The catalogue of the library of the Benedictine monastery of Christ Church, Canterbury, in the Cottonian Collection, British Museum, and printed for the first time at length in Edward's 'Memoirs of Libraries' (i. 122-235), is a remarkable list of the most extensive collection of books at that time in this country. It was formed at the end of the thirteenth and beginning of the fourteenth century. This library was well furnished with works in science and history, and particularly so with the classics—Aristotle, Cicero, Lucan, Plato, Suetonius, Seneca, Terence, and Virgil. The extreme probability is that London was the highway through which the greater part of this and other early libraries passed. If, early in the fifteenth century, the book-hunter in London possessed few opportunities of purchasing books, he would have found several very good libraries which were open to his inspection. There was, for example, a very considerable collection in the Franciscan monastery, which once stood on the site now occupied by Christ's Hospital, Newgate Street. The first stone of this monastery was laid in October, 1421, amid much pomp, by the then Lord Mayor, Sir Richard Whittington, who gave £400 in books. It was covered in before the winter of 1422, and completed in three years, and furnished with books. From Stow's 'Survey' we learn that one hundred marks were expended on the transcription of the works of Nicholas de Lira, to be chained in the library, and of which cost John Frensile remitted 20s. One of the chained books, 'The Lectures of Hostiensis,' cost five marks. From another source we learn that a Carmelite friar named John Wallden bequeathed to this library as many MSS. as were worth 2,000 pieces of gold.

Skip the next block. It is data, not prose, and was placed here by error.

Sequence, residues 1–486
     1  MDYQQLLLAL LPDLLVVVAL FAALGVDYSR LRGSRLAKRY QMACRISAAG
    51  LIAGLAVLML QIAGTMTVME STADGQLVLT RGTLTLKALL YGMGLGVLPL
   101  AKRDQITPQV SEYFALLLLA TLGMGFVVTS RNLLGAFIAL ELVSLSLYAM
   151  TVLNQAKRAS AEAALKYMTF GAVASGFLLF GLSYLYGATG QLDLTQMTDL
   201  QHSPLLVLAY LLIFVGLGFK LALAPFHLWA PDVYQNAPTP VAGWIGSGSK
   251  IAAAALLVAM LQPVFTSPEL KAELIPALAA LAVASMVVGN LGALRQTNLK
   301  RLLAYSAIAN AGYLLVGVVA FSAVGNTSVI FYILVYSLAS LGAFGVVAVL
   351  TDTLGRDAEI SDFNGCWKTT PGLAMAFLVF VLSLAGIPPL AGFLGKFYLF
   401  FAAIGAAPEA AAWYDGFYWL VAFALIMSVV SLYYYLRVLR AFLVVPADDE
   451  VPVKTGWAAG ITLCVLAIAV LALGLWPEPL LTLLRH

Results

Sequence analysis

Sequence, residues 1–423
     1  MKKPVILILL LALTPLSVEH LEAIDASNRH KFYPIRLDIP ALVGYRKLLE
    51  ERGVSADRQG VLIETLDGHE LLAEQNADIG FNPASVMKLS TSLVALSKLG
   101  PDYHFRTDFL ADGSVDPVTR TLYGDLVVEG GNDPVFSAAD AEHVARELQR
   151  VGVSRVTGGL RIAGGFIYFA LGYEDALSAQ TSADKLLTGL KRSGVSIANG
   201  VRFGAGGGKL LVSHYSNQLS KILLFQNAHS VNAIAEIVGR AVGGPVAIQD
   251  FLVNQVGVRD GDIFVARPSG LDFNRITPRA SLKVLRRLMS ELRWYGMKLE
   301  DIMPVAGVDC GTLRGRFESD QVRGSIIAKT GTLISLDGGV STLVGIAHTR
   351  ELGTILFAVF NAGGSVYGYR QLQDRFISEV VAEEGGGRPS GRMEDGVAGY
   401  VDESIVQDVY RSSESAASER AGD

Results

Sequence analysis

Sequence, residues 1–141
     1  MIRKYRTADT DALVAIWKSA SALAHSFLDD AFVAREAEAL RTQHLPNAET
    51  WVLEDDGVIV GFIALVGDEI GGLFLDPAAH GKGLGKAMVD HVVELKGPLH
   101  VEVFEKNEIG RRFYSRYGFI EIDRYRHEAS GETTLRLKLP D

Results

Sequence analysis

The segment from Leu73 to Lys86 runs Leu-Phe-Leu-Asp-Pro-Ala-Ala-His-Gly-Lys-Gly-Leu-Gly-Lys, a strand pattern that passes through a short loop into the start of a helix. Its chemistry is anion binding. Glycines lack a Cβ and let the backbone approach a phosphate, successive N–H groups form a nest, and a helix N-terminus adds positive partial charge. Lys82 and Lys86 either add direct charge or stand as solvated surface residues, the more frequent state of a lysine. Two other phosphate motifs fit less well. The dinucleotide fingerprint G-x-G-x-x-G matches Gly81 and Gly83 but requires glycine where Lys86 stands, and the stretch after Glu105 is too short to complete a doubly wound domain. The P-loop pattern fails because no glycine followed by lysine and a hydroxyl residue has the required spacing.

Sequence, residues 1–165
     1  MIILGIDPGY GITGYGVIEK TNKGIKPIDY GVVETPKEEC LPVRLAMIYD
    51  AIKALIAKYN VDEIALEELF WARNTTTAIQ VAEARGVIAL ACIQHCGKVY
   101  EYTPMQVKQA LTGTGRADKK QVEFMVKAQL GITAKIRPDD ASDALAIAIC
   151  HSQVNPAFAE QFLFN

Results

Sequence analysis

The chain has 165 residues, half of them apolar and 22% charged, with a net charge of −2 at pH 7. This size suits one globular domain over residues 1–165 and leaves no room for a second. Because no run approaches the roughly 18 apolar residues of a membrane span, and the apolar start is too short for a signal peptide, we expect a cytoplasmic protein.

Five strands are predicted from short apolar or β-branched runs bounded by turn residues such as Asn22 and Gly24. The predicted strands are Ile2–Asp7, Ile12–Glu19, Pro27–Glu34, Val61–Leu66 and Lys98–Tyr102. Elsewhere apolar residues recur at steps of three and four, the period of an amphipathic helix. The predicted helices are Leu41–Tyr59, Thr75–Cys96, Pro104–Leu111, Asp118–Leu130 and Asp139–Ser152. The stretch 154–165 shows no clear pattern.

Anthony à Wood refers to the oft-repeated charge of the book-covetousness of the mendicant friars, which, in fact, was carried to such an extreme 'that wise men looked upon it as an injury to laymen, who therefore found a difficulty to get any books.' Of the same period, there is a very curious anecdote in Rymer's 'Fœdera' about taking off the duty upon six barrels of books sent by a Roman cardinal to the Prior of the conventual church of St. Trinity, Norwich. These barrels, which lay at the Custom-house, were imported duty free.
Neither the book-hunger of the mendicant friars, nor the difficulties which surrounded the importation of books, appears to have militated greatly against the growing passion. We have the name, and only the name, of a very famous book-hunter—John of Boston—of the first decade of the fifteenth century, whose labours, however, have been completely blotted out of existence by the dispersed monasteries. But there were many other collectors whose memories have been handed down to us in a more tangible form, even if their collections of books are almost as abstract and indefinite as that of John of Boston. During the first quarter of the fifteenth century, we have quite a considerable little group of royal book-collectors—Henry IV., Henry V., and his brothers, John, Duke of Bedford, and Humphrey, Duke of Gloucester. The last-named was undoubtedly the most enthusiastic bibliophile of the four, but whilst his extensive gifts of books to the University of Oxford may be said to have formed the foundation of the library there, they were in the following century destroyed by the mob. A few examples of his gifts are now preserved in the British Museum and at Oxford. His books were estimated at a very high figure, the value placed on 120 of them (out of the total of 600) being no less than £1,000. The memory of the Duke of Bedford's library is best perpetuated by the famous Bedford Missal, or Book of Hours, perhaps the most splendid example of fifteenth-century illustration. It is now in the British Museum, where it has been since 1852. The history of this missal, perhaps the most interesting in existence, is too well known to be dealt with here.